CHARLESTON, W.Va. — The Tomblin administration is trying to assure state lawmakers a bill that would set up a framework for the electronic tolling of highways is in no way connected to the West Virginia Turnpike.
“This bill is not in any way, shape or form intended to affect the employment of the toll collectors on the West Virginia Turnpike. They are absolutely necessary to the Turnpike,” Gov. Earl Ray Tomblin’s assistant chief of staff and Parkways Authority Chairman Jason Pizatella said during a legislative public hearing last week. “This bill does not change the law with respect to the future of the tolls on the Turnpike in any way.”
Advocates of the bill, first introduced in 2009, say electronic tolling would “benefit the citizens of the state by making parkways projects in the state safer and more efficient.” The measure is up for first reading on the floor of the House of Delegates Monday.
State Transportation Secretary Paul Mattox said more states may be adding toll roads with the decrease in federal highway funding.
“There’s a lot of talk in Congress of allowing states to toll, like maybe interstate facilities, because there’s not an appetite to increase taxes or fees,” Mattox said.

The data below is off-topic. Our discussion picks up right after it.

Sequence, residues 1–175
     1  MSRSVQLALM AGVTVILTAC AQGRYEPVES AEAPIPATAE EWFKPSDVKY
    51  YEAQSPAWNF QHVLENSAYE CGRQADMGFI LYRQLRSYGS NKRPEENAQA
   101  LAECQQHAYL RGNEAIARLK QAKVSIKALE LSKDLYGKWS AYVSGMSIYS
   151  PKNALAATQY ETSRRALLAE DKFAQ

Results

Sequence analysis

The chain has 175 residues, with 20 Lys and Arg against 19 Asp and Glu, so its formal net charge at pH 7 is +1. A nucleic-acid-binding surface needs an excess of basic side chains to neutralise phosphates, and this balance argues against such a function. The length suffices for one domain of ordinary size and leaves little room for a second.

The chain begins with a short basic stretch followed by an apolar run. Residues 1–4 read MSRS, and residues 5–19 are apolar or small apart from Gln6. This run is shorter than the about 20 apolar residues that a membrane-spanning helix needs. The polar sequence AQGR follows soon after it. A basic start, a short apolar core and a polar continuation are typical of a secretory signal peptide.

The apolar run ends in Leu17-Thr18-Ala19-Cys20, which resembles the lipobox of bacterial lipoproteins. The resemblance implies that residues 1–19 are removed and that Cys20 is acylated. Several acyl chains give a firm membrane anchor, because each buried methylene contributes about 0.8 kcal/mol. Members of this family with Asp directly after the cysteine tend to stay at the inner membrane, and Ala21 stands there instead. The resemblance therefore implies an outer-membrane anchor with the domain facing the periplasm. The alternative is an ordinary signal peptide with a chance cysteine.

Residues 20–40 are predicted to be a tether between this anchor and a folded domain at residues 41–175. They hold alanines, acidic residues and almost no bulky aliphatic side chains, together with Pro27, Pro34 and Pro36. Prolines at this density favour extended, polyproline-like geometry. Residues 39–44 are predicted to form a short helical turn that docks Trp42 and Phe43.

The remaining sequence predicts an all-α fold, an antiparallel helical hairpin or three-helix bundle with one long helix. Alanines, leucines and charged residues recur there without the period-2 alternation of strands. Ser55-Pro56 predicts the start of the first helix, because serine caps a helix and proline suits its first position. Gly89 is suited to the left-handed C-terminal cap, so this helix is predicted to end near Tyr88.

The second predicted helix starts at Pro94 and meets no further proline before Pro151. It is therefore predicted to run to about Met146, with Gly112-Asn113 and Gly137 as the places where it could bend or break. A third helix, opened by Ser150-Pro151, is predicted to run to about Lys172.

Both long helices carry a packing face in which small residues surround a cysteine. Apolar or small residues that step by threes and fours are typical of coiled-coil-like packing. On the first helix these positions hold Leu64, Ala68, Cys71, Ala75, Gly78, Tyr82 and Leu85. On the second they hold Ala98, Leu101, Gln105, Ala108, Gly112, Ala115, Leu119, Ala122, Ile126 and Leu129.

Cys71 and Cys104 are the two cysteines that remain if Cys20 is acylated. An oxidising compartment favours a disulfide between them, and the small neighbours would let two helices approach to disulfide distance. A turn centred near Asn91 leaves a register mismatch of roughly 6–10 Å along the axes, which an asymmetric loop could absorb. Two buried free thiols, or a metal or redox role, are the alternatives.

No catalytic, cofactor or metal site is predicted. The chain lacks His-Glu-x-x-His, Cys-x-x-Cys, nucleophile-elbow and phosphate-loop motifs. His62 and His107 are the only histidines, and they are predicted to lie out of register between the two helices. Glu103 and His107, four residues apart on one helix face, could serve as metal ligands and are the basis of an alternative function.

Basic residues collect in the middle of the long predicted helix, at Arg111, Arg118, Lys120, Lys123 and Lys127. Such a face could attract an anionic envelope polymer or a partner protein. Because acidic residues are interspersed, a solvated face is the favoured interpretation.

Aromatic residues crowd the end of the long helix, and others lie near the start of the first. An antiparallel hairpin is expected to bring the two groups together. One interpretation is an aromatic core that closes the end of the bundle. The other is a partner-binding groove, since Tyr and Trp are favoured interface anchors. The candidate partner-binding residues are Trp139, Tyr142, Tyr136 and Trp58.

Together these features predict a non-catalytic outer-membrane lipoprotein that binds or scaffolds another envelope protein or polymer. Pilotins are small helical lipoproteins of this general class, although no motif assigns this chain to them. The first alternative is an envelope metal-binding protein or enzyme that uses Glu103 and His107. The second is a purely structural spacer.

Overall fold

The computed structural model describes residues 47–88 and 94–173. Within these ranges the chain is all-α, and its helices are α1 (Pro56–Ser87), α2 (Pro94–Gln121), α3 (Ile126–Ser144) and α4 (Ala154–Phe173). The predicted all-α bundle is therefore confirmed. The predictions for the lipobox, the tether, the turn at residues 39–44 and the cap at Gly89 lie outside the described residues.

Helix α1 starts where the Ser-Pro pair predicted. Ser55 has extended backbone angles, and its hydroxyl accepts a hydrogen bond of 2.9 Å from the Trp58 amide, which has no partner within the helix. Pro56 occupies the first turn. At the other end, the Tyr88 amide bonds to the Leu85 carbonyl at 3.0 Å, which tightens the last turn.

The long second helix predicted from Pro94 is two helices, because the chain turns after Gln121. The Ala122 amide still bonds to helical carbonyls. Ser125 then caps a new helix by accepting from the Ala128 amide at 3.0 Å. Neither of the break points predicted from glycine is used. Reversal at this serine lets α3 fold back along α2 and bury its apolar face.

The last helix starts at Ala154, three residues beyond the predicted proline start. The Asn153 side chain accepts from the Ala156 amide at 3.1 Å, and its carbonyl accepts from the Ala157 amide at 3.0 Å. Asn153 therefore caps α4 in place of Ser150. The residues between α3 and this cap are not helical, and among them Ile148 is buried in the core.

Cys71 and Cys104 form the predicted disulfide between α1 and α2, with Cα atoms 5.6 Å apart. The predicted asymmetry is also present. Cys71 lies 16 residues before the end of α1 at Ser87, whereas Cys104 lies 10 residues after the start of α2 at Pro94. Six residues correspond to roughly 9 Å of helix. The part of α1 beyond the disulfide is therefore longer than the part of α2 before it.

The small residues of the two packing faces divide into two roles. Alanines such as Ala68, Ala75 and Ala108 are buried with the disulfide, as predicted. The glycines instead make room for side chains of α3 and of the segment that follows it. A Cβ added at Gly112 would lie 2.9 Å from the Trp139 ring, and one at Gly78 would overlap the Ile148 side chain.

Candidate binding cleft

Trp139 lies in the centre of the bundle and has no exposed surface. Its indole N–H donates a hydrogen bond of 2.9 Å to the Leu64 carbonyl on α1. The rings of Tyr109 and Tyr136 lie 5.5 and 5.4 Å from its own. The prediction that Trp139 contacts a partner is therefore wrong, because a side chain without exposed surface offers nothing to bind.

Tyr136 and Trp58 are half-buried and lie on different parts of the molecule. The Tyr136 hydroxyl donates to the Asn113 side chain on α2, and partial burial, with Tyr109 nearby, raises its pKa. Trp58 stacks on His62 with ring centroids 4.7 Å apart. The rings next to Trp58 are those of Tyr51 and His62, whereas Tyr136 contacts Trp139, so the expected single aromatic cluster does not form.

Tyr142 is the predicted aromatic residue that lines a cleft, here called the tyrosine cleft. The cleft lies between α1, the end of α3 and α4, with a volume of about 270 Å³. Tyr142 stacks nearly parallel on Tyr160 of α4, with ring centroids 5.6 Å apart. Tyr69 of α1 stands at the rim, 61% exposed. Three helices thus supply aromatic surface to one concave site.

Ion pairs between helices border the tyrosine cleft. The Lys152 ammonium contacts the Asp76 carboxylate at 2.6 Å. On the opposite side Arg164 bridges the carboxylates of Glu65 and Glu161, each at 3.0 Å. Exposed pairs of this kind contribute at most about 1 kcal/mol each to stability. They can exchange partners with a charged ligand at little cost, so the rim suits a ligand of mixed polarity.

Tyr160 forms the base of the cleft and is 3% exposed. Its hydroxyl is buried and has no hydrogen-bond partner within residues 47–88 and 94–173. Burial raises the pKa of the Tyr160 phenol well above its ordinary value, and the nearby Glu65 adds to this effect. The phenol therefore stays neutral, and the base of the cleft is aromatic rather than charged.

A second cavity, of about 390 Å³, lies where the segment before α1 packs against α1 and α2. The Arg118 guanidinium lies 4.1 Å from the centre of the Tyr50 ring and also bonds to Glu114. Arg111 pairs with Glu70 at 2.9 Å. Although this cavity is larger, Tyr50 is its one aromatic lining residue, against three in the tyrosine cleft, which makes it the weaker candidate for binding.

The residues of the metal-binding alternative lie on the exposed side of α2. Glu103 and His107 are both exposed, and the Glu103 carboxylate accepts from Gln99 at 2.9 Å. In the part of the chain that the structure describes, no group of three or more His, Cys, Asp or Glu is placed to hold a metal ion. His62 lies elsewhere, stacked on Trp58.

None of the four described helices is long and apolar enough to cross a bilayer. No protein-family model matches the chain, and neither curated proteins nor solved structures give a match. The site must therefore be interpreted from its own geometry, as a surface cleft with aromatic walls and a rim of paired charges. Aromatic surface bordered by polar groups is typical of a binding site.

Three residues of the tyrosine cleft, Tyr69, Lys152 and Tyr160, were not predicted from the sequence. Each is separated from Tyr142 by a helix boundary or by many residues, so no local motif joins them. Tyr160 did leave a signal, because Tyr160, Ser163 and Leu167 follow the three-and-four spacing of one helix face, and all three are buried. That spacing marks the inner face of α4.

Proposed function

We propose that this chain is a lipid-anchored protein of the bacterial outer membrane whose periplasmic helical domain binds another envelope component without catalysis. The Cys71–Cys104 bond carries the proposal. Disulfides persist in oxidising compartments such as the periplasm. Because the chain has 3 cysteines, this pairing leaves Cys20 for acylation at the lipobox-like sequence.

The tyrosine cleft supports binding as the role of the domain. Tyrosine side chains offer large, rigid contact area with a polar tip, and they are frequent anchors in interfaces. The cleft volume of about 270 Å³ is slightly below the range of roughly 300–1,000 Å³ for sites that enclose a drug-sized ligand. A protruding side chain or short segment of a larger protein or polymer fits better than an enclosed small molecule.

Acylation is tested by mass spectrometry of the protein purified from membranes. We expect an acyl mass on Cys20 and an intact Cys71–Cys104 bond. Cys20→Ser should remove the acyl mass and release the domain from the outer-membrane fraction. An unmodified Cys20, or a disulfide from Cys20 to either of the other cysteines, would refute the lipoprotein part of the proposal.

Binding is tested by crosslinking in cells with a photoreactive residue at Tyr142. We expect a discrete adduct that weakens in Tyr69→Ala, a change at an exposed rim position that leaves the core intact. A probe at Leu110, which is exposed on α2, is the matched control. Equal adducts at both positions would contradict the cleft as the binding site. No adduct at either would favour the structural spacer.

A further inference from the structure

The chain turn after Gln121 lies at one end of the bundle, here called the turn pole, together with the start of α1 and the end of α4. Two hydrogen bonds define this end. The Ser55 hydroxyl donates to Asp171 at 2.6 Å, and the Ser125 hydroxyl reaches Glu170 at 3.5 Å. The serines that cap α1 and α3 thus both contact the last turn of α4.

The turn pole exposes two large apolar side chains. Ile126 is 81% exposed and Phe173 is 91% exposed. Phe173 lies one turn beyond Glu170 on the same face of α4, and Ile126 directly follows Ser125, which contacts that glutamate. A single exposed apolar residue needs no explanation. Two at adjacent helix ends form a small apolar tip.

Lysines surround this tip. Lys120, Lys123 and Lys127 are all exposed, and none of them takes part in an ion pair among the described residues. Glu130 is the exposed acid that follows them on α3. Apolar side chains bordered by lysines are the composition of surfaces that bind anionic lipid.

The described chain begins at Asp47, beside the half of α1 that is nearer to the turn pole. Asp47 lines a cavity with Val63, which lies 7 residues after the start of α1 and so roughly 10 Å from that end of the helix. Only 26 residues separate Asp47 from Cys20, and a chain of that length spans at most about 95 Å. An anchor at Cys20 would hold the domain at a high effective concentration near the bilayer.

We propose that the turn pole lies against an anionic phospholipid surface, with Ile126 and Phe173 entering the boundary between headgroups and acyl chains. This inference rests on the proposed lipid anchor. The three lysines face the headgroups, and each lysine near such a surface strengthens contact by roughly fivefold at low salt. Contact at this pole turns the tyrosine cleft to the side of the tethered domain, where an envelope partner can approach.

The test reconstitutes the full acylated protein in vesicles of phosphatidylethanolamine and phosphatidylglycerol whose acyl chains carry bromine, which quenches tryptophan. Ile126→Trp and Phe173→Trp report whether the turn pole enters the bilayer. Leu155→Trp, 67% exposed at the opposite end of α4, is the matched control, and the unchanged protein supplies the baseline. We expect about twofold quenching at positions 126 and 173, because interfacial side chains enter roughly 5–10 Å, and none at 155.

He said it would also be a good tool in the state’s public-private partnership road-building program. Mattox emphasized there are currently no plans for new toll roads in the state.
Mattox said the system would have helped a few years ago when West Virginia opened its section of the Mon-Fayette Expressway in Morgantown. He said, Pennsylvania, which collects a toll on its section of the highway, could have collected money for West Virginia if there was electronic toll enforcement here.
But Del. Marty Gearheart (R-Mercer) was skeptical. He said he believes the bill would apply to the West Virginia Turnpike.
“It’s the only toll road here in the state,” Gearheart said. “If it doesn’t apply to the West Virginia Turnpike, we are contemplating a bill that has no application and I’m not sure why there would be any urgency to do that.”
More than 30 states have electronic toll enforcement systems.